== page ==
A decision of the Scottish Court of Session earlier this month has considered a contractor’s entitlement to claim against third parties responsible for causing delay and disruption to on-site construction activities. The case appears to be the first in modern times to consider this issue and rules against the existence of such an entitlement on the facts of the case. The decision has implications for the drafting of construction contracts if appropriate rights of action are to be preserved in such circumstances.

Cruden Building & Renewals Limited v Scottish Water

A housing association entered into a Development and Licence Agreement with Cruden Holdings as developer and Cruden Building as contractor for the construction of a residential housing development. Cruden Building suffered large delays when foul water escaped from a sewer onto the development site. Cruden Building sued Scottish Water in delict (or tort as it is known in England) for economic loss arising from the delay. Scottish Water objected on the basis that Cruden did not have a sufficient property interest in the site in order to bring such a claim.

Does a contractor have a sufficient property interest?

It is established law that in order to bring a claim in delict (or tort) in relation to damage or interference with property a claimant must have had either the legal ownership of or a possessory title to the property concerned at the time when the damage or interference occurred. Whether or not the possessory rights enjoyed by a contractor under a building contract provide a sufficient possessory title to support such a claim has not been not free from doubt, with the only previous case on the point being more than 130 years old.

The building contract in the present case provided Cruden with a “right under licence (but not an exclusive right of occupation) to enter upon the part of the Site on which the relevant Phase is to be constructed for the sole purpose of carrying out the … works, and for no other purpose whatsoever.” Furthermore, it provided that [Cruden] shall not…be entitled to any tenancy or other estate right, title or interest in the Site…”.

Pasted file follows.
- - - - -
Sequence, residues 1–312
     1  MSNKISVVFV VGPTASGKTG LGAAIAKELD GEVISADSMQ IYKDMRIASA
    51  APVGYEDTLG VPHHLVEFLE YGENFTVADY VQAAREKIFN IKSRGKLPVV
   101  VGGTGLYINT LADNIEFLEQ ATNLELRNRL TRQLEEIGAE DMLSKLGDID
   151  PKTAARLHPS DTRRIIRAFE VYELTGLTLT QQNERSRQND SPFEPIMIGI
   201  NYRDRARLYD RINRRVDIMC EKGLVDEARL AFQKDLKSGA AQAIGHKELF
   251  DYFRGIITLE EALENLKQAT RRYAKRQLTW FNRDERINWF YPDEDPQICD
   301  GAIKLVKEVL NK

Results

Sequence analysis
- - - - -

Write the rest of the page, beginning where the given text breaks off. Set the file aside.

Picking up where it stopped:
The Court of Session held that these provisions only gave Cruden use of the site for certain limited purposes and that this did not equate to a proprietary right or a right of possession similar to that of an owner of the site. All Cruden had was a contractual right to use the site in order to complete the development and (hopefully) make a profit.

As such, the purser had no title to sue and no remedy against Scottish Water. Neither could the housing association sue, as in the absence of Cruden having an entitlement to an extension of time or loss and expense under the building contract, it had suffered no loss.

Conclusions and implications

This case appears to be the first in modern times to consider the ability of a contractor to bring such claims against third parties. It has been clear for many years that (even without the specific terms present in this case) the right given to a Contractor to access or to take possession of a site in order to carry out work is a contractual rather than a proprietary right. The court’s decision provides important clarification that such contractual rights will ordinarily be insufficient to provide title to sue third parties who cause delay and disruption to the works by causing damage to or interfering with the site. Ultimately, this left the wrongdoer in this case, Scottish Water, without any liability for extensive interference with the land on which the development was being built.

What is at first blush surprising is that the contractor chose to bring a claim against Scottish Water rather than against the housing association. However, it seems that the contractor had no grounds for bringing such a claim. That may not be the case under more standard forms of contract. Under contracts which require the employer to grant possession (as opposed to mere access) of the site to the contractor, for example, in circumstances where the contractor was effectively excluded from site as a result of the foul water escape the contractor would perhaps have argued that the employer had breached that requirement and the contractor was entitled to an extension of time and payment as a result. Alternatively, under contracts which entitle the contractor to claim additional time to complete and additional payment in the event of force majeure or unforeseeable site conditions, the contractor might have chosen to submit a claim on the basis that the foul water escape triggered these provisions.

Nonetheless, this case provides helpful clarification that the contractual rights of access or possession given to contractors in respect of the sites on which they carry out work do not provide sufficient title to bring a claim against third parties causing damage to the site and delays and additional costs incurred in consequence. Contractors will need to be careful not to lose rights to claim extensions of time and additional money in respect of these issues inadvertently through agreeing to bespoke terms and conditions that have this effect.